No, its not only Gobi Manchurian which mixes Indian & Chinese influences to produce a wonderfully crazy new thing. The hallowed Shaolin Temple in China is another one of these experiments that went well.
The Shaolin temple, arguably the greatest of China’s martial arts legacies, was built by an Indian buddhist monk, Buddhabhadra. The specialised martial arts of Shaolin (Shaolin Kung Fu) was developed there by another Indian buddhist monk called Bodhidharma.
This is another interesting piece of history that helps trace the development of asian martial arts to its primary source : Kalaripayattu of Kerala.
To know more of the Indian origins of the Shaolin Temple, go to the official website
Was at Dr L.Subramaniam’s annual fusion music festival last night. He started with a real foot stomper called ‘Indian Express’ (poetic justice indeed, since the festival itself is sponsored by the Times of India) and ended the evening with Don’t Leave Me. In between were pieces by his wife Kavita Krishnamurthy, their kids and two other musicians. Except for the odd flash I pretty much forgot HolidayIQ for over 2 hours; evidently the music was absorbing.
A small regret – I would have liked the two global musicians to have got a bit more of play time. Froy Aagre from Norway on the Sax & Chris Rhyne from LA on the keyboards.
India has always sold itself well to ‘seekers’, never really to ‘indulgers’. And in this lies our inability (not withstanding the regular self congratulatory blurbs emanating from our tourism ministry) to jump-start our inbound tourism.
‘Indulgers’ look for experience and that means they are looking to do something now – the Today matters to them. ‘Seekers’ on the other hand are looking for answers and are very likely to look for them in the past. And practically no country on earth has so much mind-share of Seekers as India.
The real question I guess is – can India be relevant to both?
I remember reading some time ago that the Indus Valley civilization (one of the oldest known human civilizations) had no concept of Police, or any other violent means of controlling internal behaviour (different from the notion of a standing army which is meant for repulsing outsiders). The historian-author of that book speculated that internal order was likely maintained by a system of mental conditioning of citizens and not by violence.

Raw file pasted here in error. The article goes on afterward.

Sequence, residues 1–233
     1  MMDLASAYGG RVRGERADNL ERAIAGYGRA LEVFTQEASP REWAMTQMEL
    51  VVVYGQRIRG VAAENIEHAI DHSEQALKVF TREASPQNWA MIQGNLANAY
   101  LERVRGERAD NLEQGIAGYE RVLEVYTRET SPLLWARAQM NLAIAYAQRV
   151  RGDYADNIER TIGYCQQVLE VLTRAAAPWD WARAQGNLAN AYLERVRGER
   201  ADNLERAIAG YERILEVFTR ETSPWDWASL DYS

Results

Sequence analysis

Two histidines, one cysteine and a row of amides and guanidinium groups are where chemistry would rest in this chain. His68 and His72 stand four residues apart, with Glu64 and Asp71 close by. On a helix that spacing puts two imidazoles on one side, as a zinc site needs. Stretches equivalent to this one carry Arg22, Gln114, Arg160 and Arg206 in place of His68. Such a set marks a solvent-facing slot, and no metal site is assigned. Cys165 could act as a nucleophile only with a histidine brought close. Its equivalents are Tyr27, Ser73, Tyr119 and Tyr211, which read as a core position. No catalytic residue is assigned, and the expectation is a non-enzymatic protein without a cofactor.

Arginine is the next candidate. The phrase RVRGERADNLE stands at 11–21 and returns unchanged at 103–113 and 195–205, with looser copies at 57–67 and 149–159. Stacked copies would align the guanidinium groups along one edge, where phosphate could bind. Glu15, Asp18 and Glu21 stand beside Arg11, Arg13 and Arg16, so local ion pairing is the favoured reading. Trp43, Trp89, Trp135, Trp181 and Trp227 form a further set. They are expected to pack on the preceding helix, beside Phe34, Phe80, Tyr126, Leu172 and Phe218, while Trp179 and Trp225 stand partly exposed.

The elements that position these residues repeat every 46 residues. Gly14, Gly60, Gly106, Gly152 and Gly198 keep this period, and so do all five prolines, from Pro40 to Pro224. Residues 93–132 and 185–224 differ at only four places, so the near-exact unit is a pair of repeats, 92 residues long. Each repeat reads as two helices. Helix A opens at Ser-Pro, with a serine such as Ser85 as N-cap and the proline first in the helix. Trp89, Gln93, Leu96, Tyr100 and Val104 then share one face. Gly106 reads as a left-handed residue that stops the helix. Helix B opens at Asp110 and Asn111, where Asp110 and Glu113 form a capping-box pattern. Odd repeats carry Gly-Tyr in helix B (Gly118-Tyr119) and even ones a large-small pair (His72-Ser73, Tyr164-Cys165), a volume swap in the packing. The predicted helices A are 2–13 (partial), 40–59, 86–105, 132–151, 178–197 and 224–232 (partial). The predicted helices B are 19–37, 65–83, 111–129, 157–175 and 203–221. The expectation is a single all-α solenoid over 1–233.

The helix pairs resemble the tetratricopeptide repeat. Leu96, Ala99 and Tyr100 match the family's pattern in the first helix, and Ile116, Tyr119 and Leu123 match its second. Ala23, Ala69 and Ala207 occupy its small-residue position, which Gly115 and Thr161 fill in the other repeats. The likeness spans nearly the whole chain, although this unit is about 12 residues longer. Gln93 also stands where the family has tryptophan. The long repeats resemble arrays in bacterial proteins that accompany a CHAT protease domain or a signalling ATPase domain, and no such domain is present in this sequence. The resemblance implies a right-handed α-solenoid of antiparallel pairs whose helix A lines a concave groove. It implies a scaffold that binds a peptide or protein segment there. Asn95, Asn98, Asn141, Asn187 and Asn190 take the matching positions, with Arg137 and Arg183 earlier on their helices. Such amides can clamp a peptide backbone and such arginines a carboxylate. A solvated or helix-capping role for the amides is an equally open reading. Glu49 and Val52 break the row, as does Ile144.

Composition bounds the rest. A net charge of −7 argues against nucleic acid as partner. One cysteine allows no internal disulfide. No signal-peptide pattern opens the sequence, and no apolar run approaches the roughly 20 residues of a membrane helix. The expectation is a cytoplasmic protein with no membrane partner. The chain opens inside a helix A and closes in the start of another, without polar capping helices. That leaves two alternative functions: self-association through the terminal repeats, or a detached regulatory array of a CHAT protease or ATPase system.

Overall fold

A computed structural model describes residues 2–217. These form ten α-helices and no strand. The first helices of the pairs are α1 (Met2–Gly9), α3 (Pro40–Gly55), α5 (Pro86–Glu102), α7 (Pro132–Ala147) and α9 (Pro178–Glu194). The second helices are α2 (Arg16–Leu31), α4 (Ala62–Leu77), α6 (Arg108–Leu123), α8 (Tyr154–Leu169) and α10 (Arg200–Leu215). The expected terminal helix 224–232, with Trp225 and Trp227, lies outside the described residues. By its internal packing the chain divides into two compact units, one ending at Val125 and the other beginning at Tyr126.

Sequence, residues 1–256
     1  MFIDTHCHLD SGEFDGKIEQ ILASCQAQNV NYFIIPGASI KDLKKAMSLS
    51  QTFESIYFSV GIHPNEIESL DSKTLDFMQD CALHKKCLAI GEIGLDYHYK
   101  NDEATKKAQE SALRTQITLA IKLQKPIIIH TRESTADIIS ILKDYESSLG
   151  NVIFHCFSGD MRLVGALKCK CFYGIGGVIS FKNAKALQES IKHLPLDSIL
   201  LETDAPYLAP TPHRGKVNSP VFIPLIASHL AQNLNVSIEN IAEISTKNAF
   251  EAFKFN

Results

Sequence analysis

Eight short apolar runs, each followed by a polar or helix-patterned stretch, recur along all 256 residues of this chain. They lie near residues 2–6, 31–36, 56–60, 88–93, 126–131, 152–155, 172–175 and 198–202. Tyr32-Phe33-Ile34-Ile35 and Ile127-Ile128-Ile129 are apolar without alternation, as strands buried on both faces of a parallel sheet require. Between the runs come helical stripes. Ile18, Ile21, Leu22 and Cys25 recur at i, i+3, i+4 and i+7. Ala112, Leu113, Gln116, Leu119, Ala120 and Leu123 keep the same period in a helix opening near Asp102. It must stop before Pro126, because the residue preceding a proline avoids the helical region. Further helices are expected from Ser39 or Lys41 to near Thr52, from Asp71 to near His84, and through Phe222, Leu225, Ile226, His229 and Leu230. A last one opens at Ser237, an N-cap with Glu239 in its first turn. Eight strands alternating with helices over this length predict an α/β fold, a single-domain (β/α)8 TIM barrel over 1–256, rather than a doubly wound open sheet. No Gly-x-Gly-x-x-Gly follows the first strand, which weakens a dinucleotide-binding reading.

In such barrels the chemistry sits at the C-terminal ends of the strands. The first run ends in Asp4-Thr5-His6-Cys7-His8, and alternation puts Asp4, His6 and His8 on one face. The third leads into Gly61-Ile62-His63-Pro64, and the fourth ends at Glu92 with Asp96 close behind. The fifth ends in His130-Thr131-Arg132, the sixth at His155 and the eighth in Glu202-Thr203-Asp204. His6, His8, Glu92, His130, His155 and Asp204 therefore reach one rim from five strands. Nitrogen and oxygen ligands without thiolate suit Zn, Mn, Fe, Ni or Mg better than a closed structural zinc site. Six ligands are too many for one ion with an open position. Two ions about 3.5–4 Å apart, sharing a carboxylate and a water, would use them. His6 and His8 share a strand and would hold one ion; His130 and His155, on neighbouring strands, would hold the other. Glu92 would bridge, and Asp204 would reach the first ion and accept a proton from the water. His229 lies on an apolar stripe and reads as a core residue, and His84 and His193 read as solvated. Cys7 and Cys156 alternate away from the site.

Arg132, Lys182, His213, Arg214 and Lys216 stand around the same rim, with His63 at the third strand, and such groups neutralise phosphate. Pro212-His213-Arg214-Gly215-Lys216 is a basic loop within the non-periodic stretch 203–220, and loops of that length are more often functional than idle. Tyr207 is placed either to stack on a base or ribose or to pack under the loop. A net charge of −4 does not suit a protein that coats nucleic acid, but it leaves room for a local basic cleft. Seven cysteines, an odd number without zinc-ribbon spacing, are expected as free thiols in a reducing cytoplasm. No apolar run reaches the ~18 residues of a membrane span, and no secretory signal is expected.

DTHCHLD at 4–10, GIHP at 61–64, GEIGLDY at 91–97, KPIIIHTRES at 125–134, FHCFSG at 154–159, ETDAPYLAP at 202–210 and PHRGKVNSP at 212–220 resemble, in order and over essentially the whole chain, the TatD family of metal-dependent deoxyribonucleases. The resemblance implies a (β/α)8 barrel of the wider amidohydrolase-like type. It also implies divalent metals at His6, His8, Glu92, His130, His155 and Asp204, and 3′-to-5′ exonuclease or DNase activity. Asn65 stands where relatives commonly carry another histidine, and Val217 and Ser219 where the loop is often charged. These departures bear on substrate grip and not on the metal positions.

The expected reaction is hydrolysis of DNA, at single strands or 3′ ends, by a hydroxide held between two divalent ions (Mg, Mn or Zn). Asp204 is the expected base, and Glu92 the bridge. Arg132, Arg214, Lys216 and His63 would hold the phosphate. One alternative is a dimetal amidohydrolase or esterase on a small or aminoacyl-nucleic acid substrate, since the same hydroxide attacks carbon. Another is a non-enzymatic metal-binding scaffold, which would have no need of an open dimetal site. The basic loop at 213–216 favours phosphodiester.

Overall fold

This came to mind while recently watching a Google TechTalk video that explored the Neuroscience of meditation (see that excellent – but long – video above). One of the points made by scientist Richard Davidson in that talk is that the practice of meditation, even for a duration as short as 3 weeks, can actually increase ‘virtuous qualities’ such as Compassion in its practitioners. Here is a serious western scientist demonstrating with western scientific approaches and data, the power of calm contemplation to fundamentally alter human behavior.
It then seems to me no huge surprise that the locus of the science of such contemplation or meditation lies in the East, particularly in ancient India and thereabouts. For, it seems logical to assume that it was this sort of thing that enabled the peoples of the Indus Valley Civilization to maintain internal harmony without policing. And that if they had figured it out 5000 years ago, it is their direct descendants who are most likely to retain the knowledge.
I hit this place practically every month and have never found more than 4 other people eating here at the same time. Being alone among 50 tables in a huge restaurant is eerie and if it had not been for ther fact that I have always got the craziest food each time I go there and it never fails me, I would never have gone back. Under the circumstances, I always do.
When Mohit was here a couple of weeks ago, I was able to introduce him to Sufi. Now, I have never taken anybody other than Sunita to this restautant before on the fear that they will end up ordering Indian tandoori stuff, which in comparison to the Gafghazi kebab and such other divine stuff, is abomination. So, it was a relief to be able to take another devotee to pay homage. And boy, did we pray!
Three huge kebab platters and one massive Persian bread. Not even the slightest hint of oil, lightly done veggies to round out the meat. And the meat – ahhh!!!!
Go there if you are seriously into meat. It is on the top floor of the Empire hotel in Koramangala, 5th block.